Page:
One question we get from a lot of clients and insurance companies is, “How much does it cost to defend an employment lawsuit?” After talking about the extreme business interruption litigation can cause – think about all the time your employees have to use tracking down records, preparing and sitting for depositions, and appearing as witnesses at trial – we usually set a range of anywhere from $65,000 to well over $100,000 as the cost of defense. Of course, many factors impact the cost estimate, such as whether the plaintiff has a lawyer or is proceeding pro se, the number of claims made, and the overall complexity of the case.
Now we have, based on a report issued by Hiscox Insurance, some hard numbers on the cost of employment matters: “A representative study of 446 closed claims reported by small- to medium-sized enterprises (SMEs) with fewer than 500 employees showed that 19% of employment charges resulted in defense and settlement costs averaging a total of $125,000.” That’s no small amount.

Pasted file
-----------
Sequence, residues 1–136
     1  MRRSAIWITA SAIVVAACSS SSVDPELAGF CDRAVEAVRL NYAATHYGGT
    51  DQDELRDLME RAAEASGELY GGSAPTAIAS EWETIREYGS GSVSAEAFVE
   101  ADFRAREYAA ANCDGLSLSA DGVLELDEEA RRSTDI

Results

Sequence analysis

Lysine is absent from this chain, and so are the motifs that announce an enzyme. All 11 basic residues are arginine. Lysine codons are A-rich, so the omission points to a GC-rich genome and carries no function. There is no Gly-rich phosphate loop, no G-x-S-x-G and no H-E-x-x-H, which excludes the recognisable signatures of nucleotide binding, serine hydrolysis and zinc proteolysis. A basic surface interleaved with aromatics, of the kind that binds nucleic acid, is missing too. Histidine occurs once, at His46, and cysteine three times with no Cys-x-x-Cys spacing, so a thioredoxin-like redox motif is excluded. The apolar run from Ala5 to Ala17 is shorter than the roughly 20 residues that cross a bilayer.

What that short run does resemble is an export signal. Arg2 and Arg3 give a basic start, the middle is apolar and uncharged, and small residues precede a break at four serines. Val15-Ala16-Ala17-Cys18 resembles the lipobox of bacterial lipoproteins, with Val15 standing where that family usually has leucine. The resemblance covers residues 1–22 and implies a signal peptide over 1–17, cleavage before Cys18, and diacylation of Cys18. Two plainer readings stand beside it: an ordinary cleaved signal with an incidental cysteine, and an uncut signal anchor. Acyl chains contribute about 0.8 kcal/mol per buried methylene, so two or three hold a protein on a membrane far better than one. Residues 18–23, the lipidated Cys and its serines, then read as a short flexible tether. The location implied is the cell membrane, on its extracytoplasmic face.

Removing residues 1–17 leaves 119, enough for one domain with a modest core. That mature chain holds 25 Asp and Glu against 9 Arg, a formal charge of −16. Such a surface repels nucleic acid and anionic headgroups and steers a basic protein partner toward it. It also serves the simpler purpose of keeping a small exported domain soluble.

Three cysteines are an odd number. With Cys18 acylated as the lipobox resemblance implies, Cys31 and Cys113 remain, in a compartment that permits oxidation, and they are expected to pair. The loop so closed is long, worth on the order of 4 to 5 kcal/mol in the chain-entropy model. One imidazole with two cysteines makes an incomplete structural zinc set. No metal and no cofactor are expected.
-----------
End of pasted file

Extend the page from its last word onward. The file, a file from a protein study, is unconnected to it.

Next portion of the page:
Hiscox then goes on to blow up some of the common myths (my employees would never sue me and no jury would ever find against my company, for example) and offer some advice on preventing claims:
- Develop a job application that meets the most stringent guidelines of where you operate;
- Have an employee handbook with key EEO policies, and be sure to provide orientation to new employees on your policies;
- Be very wary of calling someone an independent contractor instead of an employee;
- Be consistent in your treatment of employees, and be sure you have legitimate reasons for any employment action;
- Conduct training on your policies, including harassment training;
- Be in tune with the ADA and the FMLA, and be able to recognize a request for an accommodation or leave time;
- Document performance problems and conduct “factual, honest performance evaluations”; and
- Make sure you follow all of your guidelines (we’re going to ask you if you have read your relevant handbook policies) when taking some type of disciplinary action.
All-in-all, good advice.
by Stuart Jackson (with credit given to Jon Hyman of the Ohio Employer’s Law Blog, which first mentioned this study)